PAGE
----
There are several new machines that have been launched within the past year or so that could significantly alter the economics of wind. Experts believe that Siemens' SWT101-3.0MW (direct drive/permanent magnet generator) and the Vestas V112-3.0MW (geared/permanent magnet generator) are game-changers.
The Siemens machine, launched in April 2010, is expected to greatly improve reliability (radically fewer parts, no gearbox to replace); and the new Vestas V164 turbine, launched in September 2010, features a swept area that is 55% greater than the V90, enabling it to extract much more energy from today's low-to-medium wind sites.
With respect to the SWT2.3-113 and SWT101-3.0, it is also worthwhile mentioning that these are direct drive turbines, which represent another visible trend in the industry. An increasing number of turbine manufacturers, focused in the past on geared drive trains, are introducing direct drive machine concepts.
But this isn't the case across the board, as Vestas demonstrated with the recent launch of its V164, which bucked the direct drive trend, preferring a geared solution.
Even though the wind market as a whole is heavily dominated by onshore projects, the pace of offshore wind energy development is increasing, with about 1.4 GW installed in 2010, approximately double that installed in 2009.
The UK continues to be the main offshore wind market, accounting for about 0.9 GW of the 2010 installed capacity. Nevertheless, other markets are starting to pick up too, such as Germany – where the 60 MW demonstration project Alpha Ventus was completed, and commercial projects such as the Bard Offshore 1 and Baltic I were under construction. The largest offshore projects currently operating are the 300 MW Thanet Phase I in the UK, and the 209.3 MW Horns Rev 2 and 207 MW Roeds and 2 projects in Denmark.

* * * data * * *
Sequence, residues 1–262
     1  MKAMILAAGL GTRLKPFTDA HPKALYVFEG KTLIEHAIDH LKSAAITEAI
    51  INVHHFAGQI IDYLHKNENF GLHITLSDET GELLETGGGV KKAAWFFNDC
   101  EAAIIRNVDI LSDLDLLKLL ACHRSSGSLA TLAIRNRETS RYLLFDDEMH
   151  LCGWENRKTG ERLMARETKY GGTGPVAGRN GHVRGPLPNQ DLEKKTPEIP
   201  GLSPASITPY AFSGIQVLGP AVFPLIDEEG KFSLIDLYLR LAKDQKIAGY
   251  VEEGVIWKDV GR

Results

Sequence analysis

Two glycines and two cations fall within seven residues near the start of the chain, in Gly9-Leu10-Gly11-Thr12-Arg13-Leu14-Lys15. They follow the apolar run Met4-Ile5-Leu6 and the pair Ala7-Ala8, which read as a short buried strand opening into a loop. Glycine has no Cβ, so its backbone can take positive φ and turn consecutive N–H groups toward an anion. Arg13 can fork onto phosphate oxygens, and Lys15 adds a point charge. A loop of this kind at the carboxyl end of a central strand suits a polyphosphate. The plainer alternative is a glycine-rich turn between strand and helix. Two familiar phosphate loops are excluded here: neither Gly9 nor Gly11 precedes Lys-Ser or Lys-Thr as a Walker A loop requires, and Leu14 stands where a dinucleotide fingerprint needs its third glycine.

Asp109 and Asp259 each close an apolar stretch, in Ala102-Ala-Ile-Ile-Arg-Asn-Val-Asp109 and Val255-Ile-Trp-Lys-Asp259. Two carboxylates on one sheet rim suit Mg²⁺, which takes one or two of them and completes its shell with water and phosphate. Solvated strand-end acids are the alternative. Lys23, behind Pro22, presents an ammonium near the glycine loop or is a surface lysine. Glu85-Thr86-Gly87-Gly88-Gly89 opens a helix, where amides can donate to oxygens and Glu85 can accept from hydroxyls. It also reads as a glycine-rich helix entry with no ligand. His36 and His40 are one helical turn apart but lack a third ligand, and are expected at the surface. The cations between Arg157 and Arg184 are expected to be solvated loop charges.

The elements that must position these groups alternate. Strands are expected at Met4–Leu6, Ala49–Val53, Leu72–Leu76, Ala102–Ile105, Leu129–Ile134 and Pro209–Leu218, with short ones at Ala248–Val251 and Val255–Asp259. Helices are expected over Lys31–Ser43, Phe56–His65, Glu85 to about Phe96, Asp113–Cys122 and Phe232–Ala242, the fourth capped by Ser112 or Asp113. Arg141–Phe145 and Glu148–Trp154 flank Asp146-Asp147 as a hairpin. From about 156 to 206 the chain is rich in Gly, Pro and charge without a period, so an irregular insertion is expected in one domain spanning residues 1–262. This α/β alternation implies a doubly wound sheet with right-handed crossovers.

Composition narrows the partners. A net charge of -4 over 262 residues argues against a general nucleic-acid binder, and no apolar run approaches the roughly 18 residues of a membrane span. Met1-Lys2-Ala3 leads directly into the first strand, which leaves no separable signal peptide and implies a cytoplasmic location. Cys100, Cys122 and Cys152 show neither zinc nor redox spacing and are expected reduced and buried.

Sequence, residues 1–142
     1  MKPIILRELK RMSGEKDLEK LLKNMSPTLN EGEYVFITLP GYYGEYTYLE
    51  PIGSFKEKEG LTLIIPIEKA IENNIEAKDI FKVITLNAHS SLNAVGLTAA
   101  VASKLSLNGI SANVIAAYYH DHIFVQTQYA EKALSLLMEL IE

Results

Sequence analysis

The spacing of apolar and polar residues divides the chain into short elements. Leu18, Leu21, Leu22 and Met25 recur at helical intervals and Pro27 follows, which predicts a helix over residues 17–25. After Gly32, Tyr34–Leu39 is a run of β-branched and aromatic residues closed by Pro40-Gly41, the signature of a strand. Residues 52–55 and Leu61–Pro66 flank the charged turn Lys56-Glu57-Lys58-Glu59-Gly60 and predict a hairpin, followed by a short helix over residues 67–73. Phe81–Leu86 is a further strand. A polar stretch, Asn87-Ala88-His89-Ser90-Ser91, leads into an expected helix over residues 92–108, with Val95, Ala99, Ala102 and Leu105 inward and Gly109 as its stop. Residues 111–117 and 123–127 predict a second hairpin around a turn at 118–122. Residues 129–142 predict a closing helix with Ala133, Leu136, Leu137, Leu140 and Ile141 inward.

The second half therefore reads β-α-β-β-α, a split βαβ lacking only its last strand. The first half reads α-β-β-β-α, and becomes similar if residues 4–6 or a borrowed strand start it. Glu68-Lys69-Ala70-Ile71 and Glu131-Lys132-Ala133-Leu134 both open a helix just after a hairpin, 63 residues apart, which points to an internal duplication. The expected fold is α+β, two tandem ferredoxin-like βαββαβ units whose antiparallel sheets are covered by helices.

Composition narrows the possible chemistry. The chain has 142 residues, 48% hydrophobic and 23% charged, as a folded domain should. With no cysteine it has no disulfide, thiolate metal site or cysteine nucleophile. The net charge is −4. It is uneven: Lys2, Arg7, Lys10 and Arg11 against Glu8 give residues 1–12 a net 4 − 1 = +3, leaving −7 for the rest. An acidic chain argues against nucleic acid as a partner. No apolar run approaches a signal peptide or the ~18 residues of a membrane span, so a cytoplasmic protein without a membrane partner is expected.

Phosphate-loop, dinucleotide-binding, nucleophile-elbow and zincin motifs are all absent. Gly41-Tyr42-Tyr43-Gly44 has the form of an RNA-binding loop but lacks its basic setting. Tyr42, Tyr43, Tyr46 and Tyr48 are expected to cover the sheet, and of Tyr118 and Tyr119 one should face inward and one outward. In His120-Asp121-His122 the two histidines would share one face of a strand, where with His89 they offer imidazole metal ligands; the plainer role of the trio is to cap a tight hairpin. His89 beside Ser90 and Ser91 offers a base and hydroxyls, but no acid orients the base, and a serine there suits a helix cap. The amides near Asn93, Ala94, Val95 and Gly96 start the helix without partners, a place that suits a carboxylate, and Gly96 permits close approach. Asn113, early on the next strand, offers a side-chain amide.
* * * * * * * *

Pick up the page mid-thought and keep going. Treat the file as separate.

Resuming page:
Further large projects remain under construction, including the 630 MW Phase I of the UK's London Array project, the 504 MW Greater Gabbard project, also in the UK, as well as Phases II and III of the 325 MW Thornton Bank project in Belgium. Thornton Bank achieved project finance in 2010 from a consortium of banks. This made it the largest offshore wind project to have achieved finance by the end of 2010.
Summary of the global wind power markets, data as of the end of 2010 (sources: BTM Consult ApS: World market update 2010 Forecast 2011-2015; WWEA: World Wind Energy Report 2010; experts' estimates.)
| ||Cumulated installed capacity 2010 (GW) ||Newly installed capacity 2010 (GW) ||Estimated electricity generation 2010 (TWh/year) |
|Europe ||87.5 ||11 ||192 |
|North America ||44.2 ||6.1 ||107 |
|South America ||2.7 ||0.5 ||3 |
|Asia & Oceania ||58.3 ||21.1 ||120 |
|Africa ||1.1 ||0.1 ||2 |
|ROW ||5.7 |
|World total ||197 |
|38 ||430 |
|Largest national market ||China 44.8 ||China 18.9 || 80.6 |
|Offshore (of above) ||3.5 ||1.4 || |
Part four: Solar (PV) hit the heights in 2010 despite market concerns...